Estimating urban dispersion meteorology from suburban measurements

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Monday, 18 January 2010: 4:15 PM
B308 (GWCC)
Wenjun Qian, University of California, Riverside, CA; and M. Princevac and A. Venkatram

Meteorological variables such as surface friction velocity and heat flux are critical inputs to the current generation of dispersion models such as AERMOD (the AMS/EPA Regulatory Model). Because urban measurements are usually not available, there is a need for methods that can estimate urban meteorological variables from more routinely available rural, suburban or airport measurements.

This paper used a two-dimensional internal boundary-layer (IBL) model to estimate urban variables from suburban measurements. This model was evaluated by Luhar, Venkatram and Lee (2006) using data from the Basel Urban Boundary Layer Experiment (BUBBLE) conducted in the city of Basel, Switzerland (Rotach et al., 2005). In this paper, the IBL model is used to analyze data collected in Riverside County, California in 2007.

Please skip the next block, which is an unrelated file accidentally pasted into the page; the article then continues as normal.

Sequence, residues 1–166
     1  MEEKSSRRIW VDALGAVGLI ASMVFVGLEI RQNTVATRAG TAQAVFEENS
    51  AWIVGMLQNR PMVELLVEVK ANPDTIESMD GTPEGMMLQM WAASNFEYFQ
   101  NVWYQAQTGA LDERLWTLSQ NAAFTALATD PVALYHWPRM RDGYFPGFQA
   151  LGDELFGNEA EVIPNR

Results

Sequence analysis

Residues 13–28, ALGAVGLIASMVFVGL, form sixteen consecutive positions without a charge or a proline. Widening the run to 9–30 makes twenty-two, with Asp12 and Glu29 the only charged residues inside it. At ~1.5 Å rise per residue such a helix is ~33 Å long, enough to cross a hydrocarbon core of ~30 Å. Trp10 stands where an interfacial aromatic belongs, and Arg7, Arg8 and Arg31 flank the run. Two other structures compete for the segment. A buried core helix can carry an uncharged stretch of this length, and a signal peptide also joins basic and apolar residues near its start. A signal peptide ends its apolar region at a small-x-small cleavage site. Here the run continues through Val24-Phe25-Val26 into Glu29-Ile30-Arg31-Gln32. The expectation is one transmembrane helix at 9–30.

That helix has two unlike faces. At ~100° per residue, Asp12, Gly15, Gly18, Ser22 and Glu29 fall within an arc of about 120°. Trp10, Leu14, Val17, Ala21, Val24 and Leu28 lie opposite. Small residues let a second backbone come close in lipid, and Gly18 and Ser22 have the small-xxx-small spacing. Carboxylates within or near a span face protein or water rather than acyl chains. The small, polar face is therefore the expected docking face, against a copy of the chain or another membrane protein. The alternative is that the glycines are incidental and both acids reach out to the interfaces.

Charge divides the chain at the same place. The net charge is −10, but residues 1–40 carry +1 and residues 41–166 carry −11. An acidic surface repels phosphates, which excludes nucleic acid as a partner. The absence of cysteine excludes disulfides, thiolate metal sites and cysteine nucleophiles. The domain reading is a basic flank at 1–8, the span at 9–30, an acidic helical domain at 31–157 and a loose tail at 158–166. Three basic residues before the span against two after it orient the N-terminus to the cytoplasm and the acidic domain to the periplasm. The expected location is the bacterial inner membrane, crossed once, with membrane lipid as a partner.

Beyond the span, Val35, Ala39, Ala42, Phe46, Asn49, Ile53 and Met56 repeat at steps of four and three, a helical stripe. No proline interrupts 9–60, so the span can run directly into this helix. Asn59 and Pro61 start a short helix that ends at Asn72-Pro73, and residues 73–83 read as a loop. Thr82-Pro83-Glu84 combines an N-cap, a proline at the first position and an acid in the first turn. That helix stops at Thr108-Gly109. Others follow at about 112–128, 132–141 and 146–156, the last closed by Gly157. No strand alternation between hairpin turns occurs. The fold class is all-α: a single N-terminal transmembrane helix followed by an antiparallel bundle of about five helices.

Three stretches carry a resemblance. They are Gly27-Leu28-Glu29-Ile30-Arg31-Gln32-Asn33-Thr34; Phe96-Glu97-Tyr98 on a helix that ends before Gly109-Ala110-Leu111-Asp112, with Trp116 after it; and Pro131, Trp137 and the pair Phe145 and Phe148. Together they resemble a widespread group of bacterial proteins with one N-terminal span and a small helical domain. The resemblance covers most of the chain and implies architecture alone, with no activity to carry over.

Comparison of the suburban and urban measurements shows that the urban wind speed, friction velocity and turbulent velocities are lower than the corresponding suburban values at the measurement height of 3 m. However, the turbulent intensities are higher at the urban site. When suburban and urban conditions are stable, the best estimates of the surface friction velocity at the urban site are obtained when it is assumed that both sites are neutral. For unstable conditions, assuming that the Obukhov lengths at the upwind suburban and urban site are the same yields acceptable results. The IBL model generally overestimates the friction velocity at the Riverside urban site because the measurements are within the roughness-sublayer (RSL). The local friction velocity profile suggested by Rotach (2001) can reduce this overestimation, although this correction is sensitive to the choice of the RSL height.